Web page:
The true difference is that insurance pays in the above-mentioned cases while they don’t pay for hearing aids. This is why people feel that hearing aids are so expensive and cost too much.
Professional Must Customize Hearing Aids
Hearing aids must be customized to each and every ear (yearly). Unlike an iPhone that anyone could pick up and use. For a hearing aid to be effective it must be custom programmed to the exact hearing loss of a person. This requires a professional to test the hearing and learn about the person’s lifestyle so the hearing aid can be set correctly.
Hearing loss also changes over time, so hearing aids must be updated.
Not only does the programming have to be customized but the physical device does as well. Ears come in many shapes and sizes and the hearing aids need to fit correctly into each one. They also live in a moist environment in your ear canal and sometimes need to be repaired.
The Cost of Your Hearing Care Professional
Another consideration pertaining to hearing aid costs is the actual hearing care provider who fits you with your hearing aids. Audiologists are professionals who have doctorate degrees. They will evaluate, diagnose, and treat your hearing loss. Most hearing loss is treated with hearing aids, which means that your audiologist will discuss the best hearing aid options for you and subsequently fit you with hearing aids. Hearing aids are not like glasses.
Unlike glasses, you often have to go in for follow-up visits for programming, fine-tuning, and cleaning of your hearing aids. Usually, the cost of hearing aids is so high because audiologists will include some of their services, as well as the initial programming and fitting of your hearing aid with the cost of the actual hearing aids.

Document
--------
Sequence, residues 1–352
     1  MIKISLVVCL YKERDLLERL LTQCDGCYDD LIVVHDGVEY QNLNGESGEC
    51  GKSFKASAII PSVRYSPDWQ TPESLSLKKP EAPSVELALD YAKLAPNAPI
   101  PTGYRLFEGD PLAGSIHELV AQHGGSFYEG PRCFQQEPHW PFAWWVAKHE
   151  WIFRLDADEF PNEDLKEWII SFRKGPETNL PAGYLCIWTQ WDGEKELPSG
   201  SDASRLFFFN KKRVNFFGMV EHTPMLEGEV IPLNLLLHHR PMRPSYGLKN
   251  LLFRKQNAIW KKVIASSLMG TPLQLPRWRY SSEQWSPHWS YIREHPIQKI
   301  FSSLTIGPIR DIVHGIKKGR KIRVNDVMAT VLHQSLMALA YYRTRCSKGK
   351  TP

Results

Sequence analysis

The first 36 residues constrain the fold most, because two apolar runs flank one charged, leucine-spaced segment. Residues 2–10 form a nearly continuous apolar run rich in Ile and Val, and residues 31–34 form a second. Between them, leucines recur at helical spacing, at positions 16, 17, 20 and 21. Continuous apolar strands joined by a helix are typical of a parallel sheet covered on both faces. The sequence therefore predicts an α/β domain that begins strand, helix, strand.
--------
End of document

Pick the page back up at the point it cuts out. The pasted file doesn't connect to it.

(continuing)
This ensures that you are hearing the best and that your hearing aids are functioning optimally. Imagine spending thousands of dollars on a car and then never getting its oil changed. This is exactly why having regular “check-ups” for your hearing aids is essential.
Warranties and Return Policies
Hearing aids break over time and need repairs. Hearing aids are small electronics that are working 14-hour days in a moist environment. Add earwax into the equation and they tend to get clogged up and stop working. This requires trips to the audiologist’s office for cleaning and maintenance. Sometimes the audiologist can’t fix them and they must be sent back to the factory.
Most time when you buy a hearing aid at the audiologist’s office you are paying for future repairs at a bundled price. If you do not want to pay for these future repairs ask if they have ala carte prices.
State laws also require hearing aids to have a return policy. Each time a hearing aid gets returned it costs money due to the time spent on fitting those aids and then the process of returning those hearing aids. When you return a device, you are raising the costs of future purchases of hearing aids for people because the business can’t lose money without going out of business.
If you are interested in purchasing hearing aids, take a look at my recommendation on brands.
Can I just buy one hearing aid? If you have hearing loss in both ears, it is always best to buy two hearing aids. Two ears are always better than one! Given the cost of hearing aids, I know it can be tempting to just buy one hearing aid, but that is not advised. Research shows that when you have hearing loss in both ears and only use a hearing aid in one ear, the unaided ear tends to decline at a much faster rate. In many cases and if you have hearing loss in both ears, it might be better to buy two entry-level hearing aids than one mid-level or premium-level hearing aid.
How long can I wait before I should absolutely buy hearing aids? Most consumers wait at least 7 years before even going to an audiologist for a hearing exam. By the time most people have their hearing evaluated for the first time, they usually have some degree of hearing loss. Treating that hearing loss right away through hearing aids is the best thing to do. The longer you wait to get hearing aids, the worse your hearing loss can get, especially your brain’s ability to process speech.